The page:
Big Brother knows what you are reading and just as important, what you are not reading. However, Amazon has opened up a vigorous platform with ever expanding room for new authors. Amazon is in the business of online retail, and Kindle and Kindle Publishing is a part of the business plan. The goal is to make money by attracting authors who will produce work that reading consumers want to purchase by download. Kindle Publishing offers a new avenue for aspiring authors to make money in the narrow and idiosyncratic (some say failing) publishing industry.
All is not functioning well on this new platform, which is to be expected. Within the broad-based and convoluted system of Kindle, there are ways to advance one’s personal priority over others with methods that have nothing to do with the quality of the writing. Another term for this sort of advancement is “gaming the system.”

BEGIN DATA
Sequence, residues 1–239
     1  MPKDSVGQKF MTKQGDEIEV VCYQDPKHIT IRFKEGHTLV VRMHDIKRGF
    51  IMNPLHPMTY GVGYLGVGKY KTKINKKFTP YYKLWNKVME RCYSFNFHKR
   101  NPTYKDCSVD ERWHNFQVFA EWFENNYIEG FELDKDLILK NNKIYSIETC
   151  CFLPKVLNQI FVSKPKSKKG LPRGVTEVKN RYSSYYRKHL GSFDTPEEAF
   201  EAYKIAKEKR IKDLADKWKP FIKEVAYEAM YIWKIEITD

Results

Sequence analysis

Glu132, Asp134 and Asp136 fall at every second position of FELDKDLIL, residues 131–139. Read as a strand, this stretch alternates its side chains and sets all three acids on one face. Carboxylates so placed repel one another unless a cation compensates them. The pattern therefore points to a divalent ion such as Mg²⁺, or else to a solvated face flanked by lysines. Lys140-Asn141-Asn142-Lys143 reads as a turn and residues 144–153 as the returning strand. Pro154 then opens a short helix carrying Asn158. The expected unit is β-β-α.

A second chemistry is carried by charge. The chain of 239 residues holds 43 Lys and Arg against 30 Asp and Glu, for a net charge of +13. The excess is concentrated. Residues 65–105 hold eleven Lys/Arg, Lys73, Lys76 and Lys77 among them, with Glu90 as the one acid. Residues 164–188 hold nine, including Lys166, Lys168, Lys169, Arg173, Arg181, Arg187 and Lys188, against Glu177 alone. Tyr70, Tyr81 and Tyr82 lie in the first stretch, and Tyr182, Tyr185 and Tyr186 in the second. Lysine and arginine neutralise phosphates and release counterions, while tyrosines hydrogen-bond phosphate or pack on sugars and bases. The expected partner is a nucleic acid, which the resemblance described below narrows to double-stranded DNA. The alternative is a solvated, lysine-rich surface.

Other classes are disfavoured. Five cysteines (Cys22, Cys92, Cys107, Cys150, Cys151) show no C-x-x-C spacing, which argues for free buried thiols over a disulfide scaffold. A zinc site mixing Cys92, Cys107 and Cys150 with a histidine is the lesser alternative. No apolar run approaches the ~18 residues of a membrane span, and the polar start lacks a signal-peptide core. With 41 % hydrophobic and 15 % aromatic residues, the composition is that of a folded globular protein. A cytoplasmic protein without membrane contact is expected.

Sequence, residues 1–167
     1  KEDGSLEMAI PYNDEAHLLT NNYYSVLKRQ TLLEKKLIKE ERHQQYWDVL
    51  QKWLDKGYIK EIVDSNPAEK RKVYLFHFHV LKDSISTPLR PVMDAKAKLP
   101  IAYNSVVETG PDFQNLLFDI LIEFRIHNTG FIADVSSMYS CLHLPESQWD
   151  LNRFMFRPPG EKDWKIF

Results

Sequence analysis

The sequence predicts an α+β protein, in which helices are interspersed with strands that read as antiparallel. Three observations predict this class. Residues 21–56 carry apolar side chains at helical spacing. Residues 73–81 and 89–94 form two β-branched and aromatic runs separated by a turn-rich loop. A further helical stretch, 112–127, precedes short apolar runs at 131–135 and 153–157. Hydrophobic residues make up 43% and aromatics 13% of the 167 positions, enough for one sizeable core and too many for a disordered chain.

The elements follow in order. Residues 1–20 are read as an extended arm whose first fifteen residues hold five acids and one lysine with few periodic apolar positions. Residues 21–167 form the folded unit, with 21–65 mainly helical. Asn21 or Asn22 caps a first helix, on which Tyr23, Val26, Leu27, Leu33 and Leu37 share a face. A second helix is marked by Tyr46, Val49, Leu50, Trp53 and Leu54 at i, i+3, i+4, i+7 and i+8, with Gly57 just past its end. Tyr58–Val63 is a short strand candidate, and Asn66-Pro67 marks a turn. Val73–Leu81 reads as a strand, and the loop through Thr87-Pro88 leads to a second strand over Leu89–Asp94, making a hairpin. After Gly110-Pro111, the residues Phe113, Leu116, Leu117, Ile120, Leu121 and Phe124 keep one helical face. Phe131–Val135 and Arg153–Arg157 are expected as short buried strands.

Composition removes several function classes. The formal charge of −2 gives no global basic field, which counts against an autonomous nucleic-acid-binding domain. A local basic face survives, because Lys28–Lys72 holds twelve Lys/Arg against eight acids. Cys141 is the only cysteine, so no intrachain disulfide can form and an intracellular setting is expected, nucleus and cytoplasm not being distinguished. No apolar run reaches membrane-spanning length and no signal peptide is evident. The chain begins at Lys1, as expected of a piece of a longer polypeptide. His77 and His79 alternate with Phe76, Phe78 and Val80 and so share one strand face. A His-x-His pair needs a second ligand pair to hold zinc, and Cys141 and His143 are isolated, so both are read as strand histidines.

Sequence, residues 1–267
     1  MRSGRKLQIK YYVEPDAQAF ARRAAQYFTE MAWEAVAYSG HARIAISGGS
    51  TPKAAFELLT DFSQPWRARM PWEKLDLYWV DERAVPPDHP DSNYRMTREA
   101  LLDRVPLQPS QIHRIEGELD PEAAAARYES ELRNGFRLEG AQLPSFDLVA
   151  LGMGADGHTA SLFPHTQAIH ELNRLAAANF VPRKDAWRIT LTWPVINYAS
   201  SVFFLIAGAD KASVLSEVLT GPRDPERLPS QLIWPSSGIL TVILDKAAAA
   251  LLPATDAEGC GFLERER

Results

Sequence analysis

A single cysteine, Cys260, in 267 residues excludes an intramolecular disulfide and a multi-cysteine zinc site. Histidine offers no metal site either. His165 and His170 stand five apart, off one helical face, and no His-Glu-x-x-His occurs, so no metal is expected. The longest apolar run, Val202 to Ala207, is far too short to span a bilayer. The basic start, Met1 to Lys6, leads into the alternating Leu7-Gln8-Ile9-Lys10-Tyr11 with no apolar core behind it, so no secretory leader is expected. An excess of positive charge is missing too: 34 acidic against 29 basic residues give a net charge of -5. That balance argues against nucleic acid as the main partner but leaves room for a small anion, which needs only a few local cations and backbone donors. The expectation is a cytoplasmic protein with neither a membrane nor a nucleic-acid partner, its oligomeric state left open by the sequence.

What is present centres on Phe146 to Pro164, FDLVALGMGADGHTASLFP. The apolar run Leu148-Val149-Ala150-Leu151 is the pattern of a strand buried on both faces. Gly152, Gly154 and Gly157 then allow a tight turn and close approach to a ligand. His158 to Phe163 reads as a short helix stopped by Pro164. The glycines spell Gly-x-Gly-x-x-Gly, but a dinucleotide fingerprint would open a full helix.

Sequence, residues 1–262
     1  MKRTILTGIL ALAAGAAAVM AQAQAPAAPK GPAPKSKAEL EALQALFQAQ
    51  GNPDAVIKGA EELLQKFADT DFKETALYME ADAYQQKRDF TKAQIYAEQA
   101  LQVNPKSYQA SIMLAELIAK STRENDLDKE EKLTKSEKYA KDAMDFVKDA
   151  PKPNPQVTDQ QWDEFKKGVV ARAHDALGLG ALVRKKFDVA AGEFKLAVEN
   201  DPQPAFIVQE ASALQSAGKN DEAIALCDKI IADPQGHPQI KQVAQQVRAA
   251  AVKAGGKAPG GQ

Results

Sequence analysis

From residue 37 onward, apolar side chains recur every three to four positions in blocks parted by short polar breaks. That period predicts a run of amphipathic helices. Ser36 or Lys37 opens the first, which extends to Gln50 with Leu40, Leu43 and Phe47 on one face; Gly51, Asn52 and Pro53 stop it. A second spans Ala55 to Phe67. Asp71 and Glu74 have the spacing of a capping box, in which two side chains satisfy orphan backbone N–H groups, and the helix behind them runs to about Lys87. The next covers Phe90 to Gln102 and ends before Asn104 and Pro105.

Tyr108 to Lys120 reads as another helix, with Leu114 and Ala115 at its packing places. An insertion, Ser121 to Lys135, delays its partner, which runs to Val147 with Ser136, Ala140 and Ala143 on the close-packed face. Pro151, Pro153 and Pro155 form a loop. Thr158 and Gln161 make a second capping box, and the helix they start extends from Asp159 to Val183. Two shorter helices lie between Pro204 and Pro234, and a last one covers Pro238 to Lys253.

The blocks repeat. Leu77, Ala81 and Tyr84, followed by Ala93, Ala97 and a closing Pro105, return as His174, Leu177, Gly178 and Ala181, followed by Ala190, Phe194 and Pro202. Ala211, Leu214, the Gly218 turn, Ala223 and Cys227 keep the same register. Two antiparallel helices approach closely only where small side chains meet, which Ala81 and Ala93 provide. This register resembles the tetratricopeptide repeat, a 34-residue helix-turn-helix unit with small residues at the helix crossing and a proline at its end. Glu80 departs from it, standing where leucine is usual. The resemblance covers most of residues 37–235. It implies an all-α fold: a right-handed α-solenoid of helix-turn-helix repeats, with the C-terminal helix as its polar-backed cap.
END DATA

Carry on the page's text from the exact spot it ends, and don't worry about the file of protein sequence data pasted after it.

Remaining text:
This is a tail tale of sex or, more precisely, writing naughty stories. Results on the Kindle platform demonstrate the easiest way to encourage a download of an unknown book is to put forth a salacious cover. A significant population of readers are looking for the promise of an erotic story, a naughty fantasy often with particular kinks. The most prolific downloading readers of erotica on Amazon are women who enjoy fantasies of cowboys, firefighters, billionaires (e.g. 50 Shades of Grey) or werewolves followed by gay men who read everything that includes gay sex, including dinosaurs; extra points for this bestseller.
Many of these titles are hack writing – formulaic stories with poor grammar and whose length is no longer than thirty pages long. As a technical accomplishment, these books can be written in a day or two. There is no outside editing, the grammar is typically atrocious and clichéd terms such as “washboard abs” and “burning passion in his/her eyes” are the norm. There are online vendors that cater to these authors, producing the spicy book cover, which is a much better work of art than the writing, for as little as five dollars.